The image

${\ displaystyle f ^ {*} \ colon \ mathrm {Spec} (S ^ {- 1} R) {\ overset {\ sim} {\ longrightarrow}} {\ Big \ {} {\ mathfrak {p}} \ in \ mathrm {Spec} (R) \, \, {\ Big |} \, \, {\ mathfrak {p}} \ cap S = \ emptyset {\ Big \}}}$

is bijective. The prime ideals of localization are therefore precisely the images (below ) of the prime ideals of , which have no element in common with the set . ${\ displaystyle f}$${\ displaystyle R}$${\ displaystyle S}$

The localization according to a prime ideal provides a ring that only has one maximum ideal (the image of ). This makes the ring a local ring with a maximum ideal , which justifies the name localization . On the other hand, there can be several prime ideals in localization, for example in the localization of an integrity area, which is itself also an integrity area, the zero ideal. Further prime ideals can be excluded if it is at most one-dimensional or especially a Dedekind area. ${\ displaystyle {\ mathfrak {p}}}$${\ displaystyle {\ mathfrak {p}}}$ ${\ displaystyle f _ {*} ({\ mathfrak {p}})}$${\ displaystyle R}$

## Localization of modules

Is a commutative ring having 1, a multiplicative subset of , and a module, so that is localization of relative defined as the amount of the equivalence classes of pairs , also written , said two pairs , should be equivalent if there is an element of are so that ${\ displaystyle R}$${\ displaystyle S}$${\ displaystyle R}$${\ displaystyle M}$${\ displaystyle R}$${\ displaystyle M}$${\ displaystyle S}$${\ displaystyle S ^ {- 1} M}$${\ displaystyle (m, s)}$${\ displaystyle m / s}$${\ displaystyle \ left (m_ {1}, s_ {1} \ right)}$${\ displaystyle \ left (m_ {2}, s_ {2} \ right)}$${\ displaystyle s}$${\ displaystyle S}$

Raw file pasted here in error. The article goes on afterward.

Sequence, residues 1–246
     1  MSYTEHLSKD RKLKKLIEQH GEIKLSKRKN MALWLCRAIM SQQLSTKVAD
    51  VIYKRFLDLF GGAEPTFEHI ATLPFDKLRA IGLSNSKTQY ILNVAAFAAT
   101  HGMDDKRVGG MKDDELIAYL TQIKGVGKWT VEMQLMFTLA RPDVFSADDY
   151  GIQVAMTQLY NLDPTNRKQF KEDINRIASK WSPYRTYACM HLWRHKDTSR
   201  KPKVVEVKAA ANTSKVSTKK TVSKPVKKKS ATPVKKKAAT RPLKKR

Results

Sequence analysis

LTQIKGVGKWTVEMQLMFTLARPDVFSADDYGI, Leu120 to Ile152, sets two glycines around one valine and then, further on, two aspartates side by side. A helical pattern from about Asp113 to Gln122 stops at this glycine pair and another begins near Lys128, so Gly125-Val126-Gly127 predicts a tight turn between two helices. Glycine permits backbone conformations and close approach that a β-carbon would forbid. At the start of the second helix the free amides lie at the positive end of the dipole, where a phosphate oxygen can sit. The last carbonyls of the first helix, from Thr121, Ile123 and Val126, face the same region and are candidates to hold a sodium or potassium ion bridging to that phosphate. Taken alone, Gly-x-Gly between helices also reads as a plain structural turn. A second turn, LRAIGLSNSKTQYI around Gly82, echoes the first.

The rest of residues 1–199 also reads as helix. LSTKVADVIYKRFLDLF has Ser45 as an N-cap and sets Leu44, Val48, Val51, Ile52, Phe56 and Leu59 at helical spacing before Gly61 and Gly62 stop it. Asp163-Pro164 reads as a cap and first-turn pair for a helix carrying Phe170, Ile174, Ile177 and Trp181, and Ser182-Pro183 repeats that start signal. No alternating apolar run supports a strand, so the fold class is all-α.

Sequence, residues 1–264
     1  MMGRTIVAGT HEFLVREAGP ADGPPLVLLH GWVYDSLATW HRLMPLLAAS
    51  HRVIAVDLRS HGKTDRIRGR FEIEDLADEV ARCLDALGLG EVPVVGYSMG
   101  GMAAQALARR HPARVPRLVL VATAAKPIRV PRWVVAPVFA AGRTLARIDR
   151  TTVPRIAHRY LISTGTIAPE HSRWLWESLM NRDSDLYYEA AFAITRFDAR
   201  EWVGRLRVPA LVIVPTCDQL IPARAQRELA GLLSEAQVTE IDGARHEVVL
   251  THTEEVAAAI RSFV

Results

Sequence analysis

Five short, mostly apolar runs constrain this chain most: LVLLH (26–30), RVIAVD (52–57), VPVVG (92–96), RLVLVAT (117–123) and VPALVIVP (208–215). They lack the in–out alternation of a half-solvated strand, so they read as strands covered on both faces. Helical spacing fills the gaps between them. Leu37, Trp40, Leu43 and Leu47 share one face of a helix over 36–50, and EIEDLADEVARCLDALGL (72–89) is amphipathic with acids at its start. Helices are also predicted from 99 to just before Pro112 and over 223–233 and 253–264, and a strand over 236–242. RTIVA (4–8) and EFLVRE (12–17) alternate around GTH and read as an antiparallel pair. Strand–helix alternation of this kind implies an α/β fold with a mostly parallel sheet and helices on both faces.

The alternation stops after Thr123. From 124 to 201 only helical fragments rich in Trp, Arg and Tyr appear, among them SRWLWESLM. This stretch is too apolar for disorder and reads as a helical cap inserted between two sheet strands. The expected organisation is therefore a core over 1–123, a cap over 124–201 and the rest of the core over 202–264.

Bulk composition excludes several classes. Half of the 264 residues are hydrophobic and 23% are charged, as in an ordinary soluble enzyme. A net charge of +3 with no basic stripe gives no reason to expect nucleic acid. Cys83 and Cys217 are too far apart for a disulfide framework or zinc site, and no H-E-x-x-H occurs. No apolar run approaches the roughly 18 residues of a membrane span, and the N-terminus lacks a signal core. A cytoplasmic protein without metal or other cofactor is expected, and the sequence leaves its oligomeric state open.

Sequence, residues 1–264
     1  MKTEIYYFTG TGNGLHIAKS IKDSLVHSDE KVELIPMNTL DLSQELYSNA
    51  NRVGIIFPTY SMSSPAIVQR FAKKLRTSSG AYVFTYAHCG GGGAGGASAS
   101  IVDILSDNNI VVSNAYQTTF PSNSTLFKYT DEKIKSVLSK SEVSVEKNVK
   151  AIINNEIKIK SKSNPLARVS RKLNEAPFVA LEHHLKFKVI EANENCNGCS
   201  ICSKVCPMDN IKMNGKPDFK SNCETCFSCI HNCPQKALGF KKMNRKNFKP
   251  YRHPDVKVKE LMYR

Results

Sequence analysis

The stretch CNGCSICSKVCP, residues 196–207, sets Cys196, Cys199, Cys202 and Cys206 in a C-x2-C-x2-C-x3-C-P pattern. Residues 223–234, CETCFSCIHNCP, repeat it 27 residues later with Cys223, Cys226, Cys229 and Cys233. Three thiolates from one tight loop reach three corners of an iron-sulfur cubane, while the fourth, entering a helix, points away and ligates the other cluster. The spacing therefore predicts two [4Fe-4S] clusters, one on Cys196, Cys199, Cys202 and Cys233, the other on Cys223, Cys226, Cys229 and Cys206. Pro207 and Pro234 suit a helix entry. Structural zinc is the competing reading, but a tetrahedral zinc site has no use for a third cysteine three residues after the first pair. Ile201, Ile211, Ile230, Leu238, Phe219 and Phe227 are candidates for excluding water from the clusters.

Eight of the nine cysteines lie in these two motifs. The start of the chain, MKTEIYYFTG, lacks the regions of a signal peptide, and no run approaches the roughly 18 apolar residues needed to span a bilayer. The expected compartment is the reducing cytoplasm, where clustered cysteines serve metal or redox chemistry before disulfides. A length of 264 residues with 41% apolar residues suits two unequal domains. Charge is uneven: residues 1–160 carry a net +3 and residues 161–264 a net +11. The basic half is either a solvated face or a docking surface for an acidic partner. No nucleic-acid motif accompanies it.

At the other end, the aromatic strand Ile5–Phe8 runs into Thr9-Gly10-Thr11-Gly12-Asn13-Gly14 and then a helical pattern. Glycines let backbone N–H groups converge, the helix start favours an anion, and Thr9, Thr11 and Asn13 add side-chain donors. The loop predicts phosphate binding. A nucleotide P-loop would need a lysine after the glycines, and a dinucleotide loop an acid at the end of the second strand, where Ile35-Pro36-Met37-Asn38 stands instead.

${\ displaystyle s \ left (s_ {2} \ cdot m_ {1} -s_ {1} \ cdot m_ {2} \ right) = 0}$

applies. is a module. ${\ displaystyle S ^ {- 1} M}$${\ displaystyle S ^ {- 1} R}$

Corresponding to the case of rings, one also writes or for elements or maximum ideals of . ${\ displaystyle M_ {r}}$${\ displaystyle M_ {P}}$${\ displaystyle r}$${\ displaystyle P}$${\ displaystyle R}$

The localization of a module also has a universal property: Any homomorphism of into a module in which all elements are "divisible" by the elements of , i. H. the left multiplication with an element of a module isomorphism can be unequivocally continued to a homomorphism . This means that the localization of a module can also be described as a tensor product : ${\ displaystyle R}$${\ displaystyle M}$${\ displaystyle N}$${\ displaystyle S}$${\ displaystyle S}$${\ displaystyle R}$${\ displaystyle S ^ {- 1} M \ to N}$

${\ displaystyle S ^ {- 1} M = M \ otimes _ {R} S ^ {- 1} R}$.

### properties

Let be a commutative ring and , two -modules, as well as multiplicatively closed. Then applies ${\ displaystyle R}$${\ displaystyle M}$${\ displaystyle N}$${\ displaystyle R}$${\ displaystyle S \ subseteq R}$

• ${\ displaystyle S ^ {- 1} M {\ Big /} S ^ {- 1} N = S ^ {- 1} {\ Big (} M / N {\ Big)}}$
• ${\ displaystyle S ^ {- 1} M \ bigotimes \ nolimits _ {R} S ^ {- 1} N = S ^ {- 1} {\ Big (} M \ bigotimes \ nolimits _ {R} N {\ Big )}}$
• For -Untermoduln applies: . The statement is generally wrong for infinite cuts.${\ displaystyle R}$${\ displaystyle M_ {1}, \ dotsc, M_ {n}}$${\ displaystyle S ^ {- 1} \ bigcap \ limits _ {i = 1} ^ {n} M_ {i} = \ bigcap \ limits _ {i = 1} ^ {n} S ^ {- 1} M_ { i}}$
• There is also a criterion for the localization of a finitely generated module, when the localization delivers the null module :
${\ displaystyle S ^ {- 1} M = 0 \ quad \ Longleftrightarrow \ quad \ exists s \ in S: \ quad sM = 0}$
So the localization is zero if and only if an element that cancels the whole module is contained in the set .${\ displaystyle S}$
In the case of an infinitely generated module, this criterion no longer applies.